On April 7th each year we mark the celebration of World Health Day. Created by the World Health Organisation in 1950, it is one of the world’s oldest health awareness days. It commemorates the day in 1948 that the very first World Health Organisation assembly ever took place.
Whilst the WHO promotes several health specific awareness days annually they use World Health Day to draw global attention to broader situations. Each year has a different theme. In 1996 it promoted ‘healthy cities for a better life’, in 2017 the theme was ‘Let’s talk’ which sought to tackle depression. Last year, as the pandemic was beginning to take hold, World Health Day celebrated nurses and midwives. As applause rang out in our streets for our front-line carers the WHO highlighted the gruelling workload and pressure that these professionals endure both physically and mentally.
It’s not really surprising that the theme for this years’ World Health Day is inspired again by the Covid-19 pandemic.
Our world is sadly lacking equality.
The pandemic has shone a spotlight on the inequalities of healthcare systems, both globally and within our own communities. Covid-19 has hit the entire world but the harshest impact has been on those groups, cultures and countries already at a disadvantage. Even in high-income countries, those in more deprived areas have been greatly affected. As a result communities and economies on a world-wide scale are, and will continue to crack under the pressure.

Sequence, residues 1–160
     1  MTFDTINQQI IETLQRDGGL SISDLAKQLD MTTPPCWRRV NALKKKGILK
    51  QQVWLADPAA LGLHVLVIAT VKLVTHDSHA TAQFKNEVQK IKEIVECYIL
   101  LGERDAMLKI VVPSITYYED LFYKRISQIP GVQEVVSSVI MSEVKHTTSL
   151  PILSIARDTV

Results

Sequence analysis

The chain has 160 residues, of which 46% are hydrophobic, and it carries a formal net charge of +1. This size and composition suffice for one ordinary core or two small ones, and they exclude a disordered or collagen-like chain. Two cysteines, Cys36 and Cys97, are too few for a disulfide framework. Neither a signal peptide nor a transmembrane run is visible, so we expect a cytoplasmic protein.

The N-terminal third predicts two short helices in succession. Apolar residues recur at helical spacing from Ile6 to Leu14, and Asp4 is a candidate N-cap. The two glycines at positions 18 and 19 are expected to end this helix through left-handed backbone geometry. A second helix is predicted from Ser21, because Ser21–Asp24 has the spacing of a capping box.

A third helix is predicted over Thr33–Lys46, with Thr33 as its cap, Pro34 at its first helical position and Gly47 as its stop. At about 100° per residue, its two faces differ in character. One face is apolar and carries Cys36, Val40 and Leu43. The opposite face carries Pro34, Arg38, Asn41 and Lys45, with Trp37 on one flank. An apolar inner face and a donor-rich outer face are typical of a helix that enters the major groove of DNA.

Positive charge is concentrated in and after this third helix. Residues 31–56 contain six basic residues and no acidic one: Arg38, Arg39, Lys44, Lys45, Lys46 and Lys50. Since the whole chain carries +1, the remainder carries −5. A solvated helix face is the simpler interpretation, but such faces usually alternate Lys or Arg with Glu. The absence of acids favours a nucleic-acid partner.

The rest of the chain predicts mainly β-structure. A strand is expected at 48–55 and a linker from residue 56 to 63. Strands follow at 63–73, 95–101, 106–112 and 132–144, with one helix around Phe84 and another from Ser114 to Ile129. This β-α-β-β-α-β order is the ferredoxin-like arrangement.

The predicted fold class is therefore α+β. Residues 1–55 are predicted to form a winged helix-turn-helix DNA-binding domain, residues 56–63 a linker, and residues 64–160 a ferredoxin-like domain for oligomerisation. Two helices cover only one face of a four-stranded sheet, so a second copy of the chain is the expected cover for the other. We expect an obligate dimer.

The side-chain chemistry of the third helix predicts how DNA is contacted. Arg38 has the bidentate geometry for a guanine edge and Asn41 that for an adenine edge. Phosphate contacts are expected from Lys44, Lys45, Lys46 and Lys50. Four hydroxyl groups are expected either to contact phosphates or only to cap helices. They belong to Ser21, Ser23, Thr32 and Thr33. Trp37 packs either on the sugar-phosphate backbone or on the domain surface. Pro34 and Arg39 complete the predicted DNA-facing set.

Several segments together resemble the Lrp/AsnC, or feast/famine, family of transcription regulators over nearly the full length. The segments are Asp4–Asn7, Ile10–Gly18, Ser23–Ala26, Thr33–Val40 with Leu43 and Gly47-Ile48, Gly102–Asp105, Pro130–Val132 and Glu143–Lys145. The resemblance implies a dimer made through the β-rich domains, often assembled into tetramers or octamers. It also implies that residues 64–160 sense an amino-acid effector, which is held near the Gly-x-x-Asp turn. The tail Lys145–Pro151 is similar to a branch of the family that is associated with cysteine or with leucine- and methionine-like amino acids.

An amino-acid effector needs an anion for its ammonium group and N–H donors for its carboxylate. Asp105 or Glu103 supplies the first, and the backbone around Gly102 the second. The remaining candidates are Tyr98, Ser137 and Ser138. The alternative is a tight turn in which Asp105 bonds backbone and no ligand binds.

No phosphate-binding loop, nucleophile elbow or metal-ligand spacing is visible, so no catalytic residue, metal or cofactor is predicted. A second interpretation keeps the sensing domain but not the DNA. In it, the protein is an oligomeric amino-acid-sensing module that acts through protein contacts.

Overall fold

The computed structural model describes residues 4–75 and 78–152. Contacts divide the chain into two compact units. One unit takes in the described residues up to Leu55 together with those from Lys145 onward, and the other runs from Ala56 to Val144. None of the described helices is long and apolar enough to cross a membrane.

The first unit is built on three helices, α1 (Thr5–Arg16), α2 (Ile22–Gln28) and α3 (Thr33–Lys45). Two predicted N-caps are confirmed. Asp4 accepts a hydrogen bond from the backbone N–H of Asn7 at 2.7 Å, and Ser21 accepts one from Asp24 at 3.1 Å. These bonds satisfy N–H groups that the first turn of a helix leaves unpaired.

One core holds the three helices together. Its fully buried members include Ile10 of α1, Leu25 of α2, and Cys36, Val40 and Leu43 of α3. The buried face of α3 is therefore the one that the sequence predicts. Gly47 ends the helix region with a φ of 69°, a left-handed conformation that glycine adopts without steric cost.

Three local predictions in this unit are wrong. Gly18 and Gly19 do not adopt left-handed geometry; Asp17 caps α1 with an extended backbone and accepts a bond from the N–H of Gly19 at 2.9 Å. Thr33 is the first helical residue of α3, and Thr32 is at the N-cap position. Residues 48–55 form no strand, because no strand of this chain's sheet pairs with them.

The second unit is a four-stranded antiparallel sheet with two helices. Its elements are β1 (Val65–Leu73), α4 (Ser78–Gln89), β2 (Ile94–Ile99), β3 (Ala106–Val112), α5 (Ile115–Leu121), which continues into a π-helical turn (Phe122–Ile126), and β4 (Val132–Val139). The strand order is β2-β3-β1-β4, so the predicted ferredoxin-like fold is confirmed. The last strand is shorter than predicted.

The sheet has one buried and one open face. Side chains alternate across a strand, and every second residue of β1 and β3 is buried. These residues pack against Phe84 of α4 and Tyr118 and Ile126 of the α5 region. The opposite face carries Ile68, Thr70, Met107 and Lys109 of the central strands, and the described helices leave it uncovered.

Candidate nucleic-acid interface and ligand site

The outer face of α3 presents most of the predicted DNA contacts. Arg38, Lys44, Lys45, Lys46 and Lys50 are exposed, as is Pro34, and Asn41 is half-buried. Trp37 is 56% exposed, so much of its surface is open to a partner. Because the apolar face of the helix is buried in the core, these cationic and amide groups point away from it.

Building a fairer, healthier world.
The key message behind this years’ World Health Day is unity. This situation of inequality within the global healthcare system can be prevented, and it needs to be. Not just for now, but for our future also. There is a need for a more robust international health architecture.
The COVID-19 pandemic has been a stark and painful reminder that nobody is safe until everyone is safe.
The World Health Organisation is calling for world leaders, governments and health officials to:
Connect with those most affected and address the root causes of inequities and implement solutions in a coordinated approach.
To correctly identify where the inequities exist within communities based on the disaggregated information of gender, age, income, education, geographic location and other relevant characteristics.
Ensure Health for All. Target the root causes of these inequities and increase investment in primary healthcare.
Only when we can protect, test and treat the whole global population will we be able to end a world-wide health crisis such as the Covid-19 pandemic. Creating strong national and international healthcare structures and building community trust and participation is tantamount to this.
COVID-19 shows why united action is needed for more robust international health architecture.
What can we do?
World Health Day is a health awareness day. It is a firm call to action directed at world leaders. It is also about creating social awareness of global problems and as a society we can certainly do our part. Sign petitions, speak to your local member of parliament, shout about the unfairness of the inequality of global healthcare. Every single human should have a decent healthcare system available to them.
What can I do?
Look after yourself. Stay healthy. By keeping our mental and physical health in check we can help to alleviate the pressure on our own healthcare system. Sleep well, stay hydrated, be mindful and most importantly be active. The four pillars of wellness. And make every day a world health day.
Check out the WHO website for more information about the 2021 World Health Day campaign.